2 Tim 3:14-4:5
Proper 24C RCL
HE 2A 10:00
"THE HOLY SCRIPTURES ... MAKE YOU WISE UNTO SALVATION"
Credit: Pulpit Resource 10/21/01 Previous: 80,89,01 revised each time
This sermon takes a different direction from the last couple of weeks. For two weeks we have been wrestling with God in terms of our prayers, and we could easily do so again, in line with the first and especially the third reading (about the persistent widow before the judge). But we are in this for the long haul, and we need to sharpen the other tools of our faith. So today, I'm going to speak of the Bible, the Holy Scriptures, in an effort to help us all to use that tool as what it is: the message of God corning to us through the written words, to make us "wise unto salvation", as Paul tells Timothy in the second reading.
I. A cartoon in the New Yorker shows a man inquiring at the counter of a large bookstore. The clerk, looking at the computer screen, says, "The Bible? Let's see; that would be in the self-help section."
That response points to one of the problems we face as we try to read the Bible today. The Bible has become one mere consumer option; one more source of therapeutic advice, alongside books on dieting and dating, astrology and other strategies of "successful" people. But the Bible is not a self-help manual to nurture our private spirituality, but rather the story of God's work to re-create a world that, left on its own, has gone far astray. Just reflect on the last few months in this area, with murders and arsons in the Boston area, suicides here, and of course Sept.11, 2001. And surely those events show humankind as falling far short of what God would have us to be.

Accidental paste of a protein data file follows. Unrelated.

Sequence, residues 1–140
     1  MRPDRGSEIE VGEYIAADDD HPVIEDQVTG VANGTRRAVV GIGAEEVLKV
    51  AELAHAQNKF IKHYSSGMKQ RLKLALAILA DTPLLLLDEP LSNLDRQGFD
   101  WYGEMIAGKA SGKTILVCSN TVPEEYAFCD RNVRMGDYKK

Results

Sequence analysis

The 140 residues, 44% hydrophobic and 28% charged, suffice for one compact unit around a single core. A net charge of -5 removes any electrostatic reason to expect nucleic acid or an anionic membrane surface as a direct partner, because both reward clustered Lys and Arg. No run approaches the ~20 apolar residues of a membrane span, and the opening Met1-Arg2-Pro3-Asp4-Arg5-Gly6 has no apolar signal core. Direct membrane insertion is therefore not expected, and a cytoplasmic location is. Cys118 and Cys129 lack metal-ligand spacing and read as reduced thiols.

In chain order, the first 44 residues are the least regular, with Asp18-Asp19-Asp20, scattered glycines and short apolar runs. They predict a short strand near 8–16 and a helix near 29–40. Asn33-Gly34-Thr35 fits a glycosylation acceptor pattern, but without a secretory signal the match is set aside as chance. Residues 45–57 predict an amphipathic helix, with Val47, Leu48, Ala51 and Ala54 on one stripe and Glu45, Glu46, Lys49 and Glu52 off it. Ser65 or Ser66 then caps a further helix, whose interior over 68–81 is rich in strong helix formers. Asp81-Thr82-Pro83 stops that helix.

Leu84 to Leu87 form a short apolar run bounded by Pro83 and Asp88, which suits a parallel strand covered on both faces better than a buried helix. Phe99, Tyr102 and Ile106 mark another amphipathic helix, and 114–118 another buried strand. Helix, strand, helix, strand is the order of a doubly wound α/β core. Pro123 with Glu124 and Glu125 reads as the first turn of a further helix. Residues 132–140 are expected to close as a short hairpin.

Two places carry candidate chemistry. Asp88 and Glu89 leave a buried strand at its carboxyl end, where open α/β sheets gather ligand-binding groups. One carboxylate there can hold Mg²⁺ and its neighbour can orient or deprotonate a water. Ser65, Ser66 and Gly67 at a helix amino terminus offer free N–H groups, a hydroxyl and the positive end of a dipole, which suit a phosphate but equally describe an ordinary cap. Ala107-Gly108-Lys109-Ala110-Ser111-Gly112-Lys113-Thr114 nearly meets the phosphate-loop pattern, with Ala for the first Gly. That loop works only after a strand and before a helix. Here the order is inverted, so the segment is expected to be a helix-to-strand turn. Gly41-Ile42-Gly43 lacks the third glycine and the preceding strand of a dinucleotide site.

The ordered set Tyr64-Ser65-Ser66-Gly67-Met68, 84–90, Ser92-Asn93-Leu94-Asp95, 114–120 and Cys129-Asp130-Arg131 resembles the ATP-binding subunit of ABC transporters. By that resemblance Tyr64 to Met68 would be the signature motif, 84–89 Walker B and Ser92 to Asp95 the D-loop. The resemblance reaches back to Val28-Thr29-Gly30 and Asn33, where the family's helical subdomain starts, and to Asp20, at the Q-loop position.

One major way that God plans to save the world is by the creation of a people - ancient Israel and the Church, to tell the story of Jesus to the world. The Bible wants to do more than merely speak to our contemporary experience. The Bible judges and re-forms and enriches our experience, and offers us experience of God that we would not have had if we had not submitted ourselves to the Bible.
So how can we form our reading practices in this congregation to recover the central place of the Biblical witness in the life of the world?
I offer a few points.
1) One step I am glad to see is the pew Bibles. By using them you can learn to find your way around in the Bible itself. It's a big book, and we need to become familiar with what is there, by handling the Book itself. And if you memorize the names of the books in order, you'll be able to find your way more easily than if you haven't done that memory work.
2) Then the Bible must be read in community. The Bible was not written only to be taken home and read by ourselves. You see, our brothers and sisters in the faith may challenge and enrich our individual readings; those same brothers and sisters will hold us accountable not only far faithful interpretation, but also for faithful embodiment, faithful living of what the Scriptures proclaim. So we find peculiar strength from reading and interpreting Scripture together in the Church.
3) We must be trained to read Scripture. The skills required do not come naturally. Because we believe that the original and definitive witnesses to God's saving action are preserved in the texts of the Bible, we must be a community that treasures and respects the written word; we are not free to give authority to other texts until we have submitted to the authority of the Bible. This means that we cultivate disciplines of attentive reading and listening - practices that are difficult to maintain in an age of manipulation by the news media. This means, on our part, conscious choices to protect time and space for reading and discussion of Scripture together. Memorizing key passages is a priority too, for we are formed by what we know by heart.